Instructor: Steven Juliano

Office:  335 FSA

Phone:  438-2642  




MWF 11:00 – 11:50 AM FSA 125


T 1:00 - 3:50 PM SLB 121

Office Hours: 

M & Th 2:30 PM (tentative)


TEXTS:        Biometry 3rd ed., R. R. Sokal & F. J. Rohlf.  W. H. Freeman, 1995

                      Statistical Tables 3rd ed., F. J. Rohlf & R. R. Sokal.  W. H. Freeman, 1995

                     A Step-by-Step Approach to using SAS for Univariate and Multivariate Statistics, 2nd ed.,  

N. O’Rourke, L. Hatcher, E.J. Stepanski  SAS Institute Inc., 2005

                      Biostatistics Manual, S. A. Juliano, Phi Sigma, 2006


COURSE GOALS:  This course is an introduction to applied statistics.  The  ideas and methods discussed will be those most relevant to biologists in general.  You will acquire a working knowledge of basic statistical methods, and will be able to determine which procedures are most appropriate for a given circumstance.  All of the statistical techniques relevant to biologists cannot be covered in one semester, however, once you have mastered the material in this course, you will be better equipped to understand and use more advanced statistical methods.


In the laboratory portion of this course you will gain experience in the use of the SAS computer package for statistics.  There are a number of good statistical packages available, and some of you may already know how to use some of these. I will give examples and explain how to do things in SAS, and all of you will do the assignments using SAS. By  learning enough about general aspects of statistical computation and interpretation,  you will be able to generalize to other packages if you so choose.


GRADE:  Although BSC 490 and 420.27 are nominally two different courses, in reality they are part of a single course.  You  will receive the same grade in both courses.  Course grades will be determined as follows


Course Component

Percent of Final Grade


Total Score

Yields Final Grade

Exam I





Exam II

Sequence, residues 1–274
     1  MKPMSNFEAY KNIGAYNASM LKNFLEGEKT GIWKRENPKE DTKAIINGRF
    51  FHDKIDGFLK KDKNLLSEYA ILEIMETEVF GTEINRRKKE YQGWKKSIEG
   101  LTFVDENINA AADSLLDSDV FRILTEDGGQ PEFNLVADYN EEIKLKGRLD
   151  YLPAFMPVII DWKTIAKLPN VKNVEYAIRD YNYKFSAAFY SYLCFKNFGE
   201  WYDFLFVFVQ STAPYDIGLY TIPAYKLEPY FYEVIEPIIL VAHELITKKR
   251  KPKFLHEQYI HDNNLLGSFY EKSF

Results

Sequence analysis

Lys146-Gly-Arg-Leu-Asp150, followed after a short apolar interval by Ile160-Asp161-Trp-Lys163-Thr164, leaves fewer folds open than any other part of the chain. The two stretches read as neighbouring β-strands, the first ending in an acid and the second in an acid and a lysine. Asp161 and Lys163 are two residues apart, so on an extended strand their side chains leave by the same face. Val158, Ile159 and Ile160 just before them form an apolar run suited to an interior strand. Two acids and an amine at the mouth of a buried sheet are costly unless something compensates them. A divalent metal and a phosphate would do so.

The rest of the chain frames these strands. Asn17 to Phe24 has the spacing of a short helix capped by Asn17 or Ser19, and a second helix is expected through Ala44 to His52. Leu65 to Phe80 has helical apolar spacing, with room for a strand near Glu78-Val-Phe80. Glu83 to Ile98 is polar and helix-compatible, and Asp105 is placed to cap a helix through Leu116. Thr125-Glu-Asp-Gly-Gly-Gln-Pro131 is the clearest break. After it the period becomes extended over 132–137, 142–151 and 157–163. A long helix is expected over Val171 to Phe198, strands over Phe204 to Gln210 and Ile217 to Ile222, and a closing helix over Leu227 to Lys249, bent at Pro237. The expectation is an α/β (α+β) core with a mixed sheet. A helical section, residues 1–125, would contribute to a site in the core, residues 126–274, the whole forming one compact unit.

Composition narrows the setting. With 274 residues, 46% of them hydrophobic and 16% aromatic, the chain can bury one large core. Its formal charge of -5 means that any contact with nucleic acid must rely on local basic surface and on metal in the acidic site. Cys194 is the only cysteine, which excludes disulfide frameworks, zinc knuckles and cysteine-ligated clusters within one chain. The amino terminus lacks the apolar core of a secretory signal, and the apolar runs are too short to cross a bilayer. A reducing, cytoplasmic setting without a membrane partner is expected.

75 - 85%


Cumulative Final Exam          (in class)



65 - 75%


                                           (take home)



55 - 65%


10 Homework Assignments






Homework will involve computer problems.  Specific instructions on how to write up the report and what to include will be provided.  In addition to homework assignments, I will give sets of study problems that will not be graded, but which will help you to learn the material.  Some exams will be open book - open note and will contain problem solving questions, therefore, you should have a calculator.  Some exams will include take-home sections, which will be similar to the homework assignments.  Homework and take-home exams will not be accepted late.   Turning in an incomplete homework assignment will produce a  much better grade and learning experience than will turning in nothing at all.  The 10 homework assignments, and tentative due dates are:




Tentative Due Date


Summary Statistics

Tuesday 29 Aug.


Simulating data & Generating Random Numbers

Tuesday 5 Sept.


One sample tests

Tuesday 12 Sept.


Two sample tests

Tuesday 26 Sept.


One-way Fixed effects Analysis of Variance

Tuesday 3 Oct.


One-way Random  effects Analysis of Variance

Tuesday 10 Oct.


Two-way Factorial Analysis of Variance

Tuesday 24 Oct.


Two-stage nested Analysis of Variance

Tuesday 14 Nov.


Linear & Multiple Regression

Tuesday 28 Nov.


Analysis of Covariance

Tuesday  5 Dec.



                                                                Reading Assignment

                                                                (Sokal & Rohlf 1995

Topic                                                     Biometry)

---------------------------------------            ------------------------------

Introduction                                          pp. 1-5

   Kinds of variables                             pp. 10-19

   Frequency distributions                  pp. 19-31

   Random samples & populations    pp. 8-10


Descriptive Statistics                                                                              

   Location and dispersion                  pp. 39-59

   Relationships                                     pp. 555-574

   Statistics vs. parameters                 pp. 52-53



   Concepts                                            pp. 61-71

   Distributions                                      pp. 71-95

   Normal distribution                           pp. 98-125



   Point vs. interval estimates             pp. 127-152

   t-distribution                                      pp. 143-152

   c2 distribution                                    pp. 152-157


Hypothesis testing                                  

   Null and alternative hypotheses   pp. 157-175

   Assumptions                                     pp. 392-409

   Type 1 and type 2 errors                  pp. 158-159

   t-tests                                                  pp. 169-175; 223-227;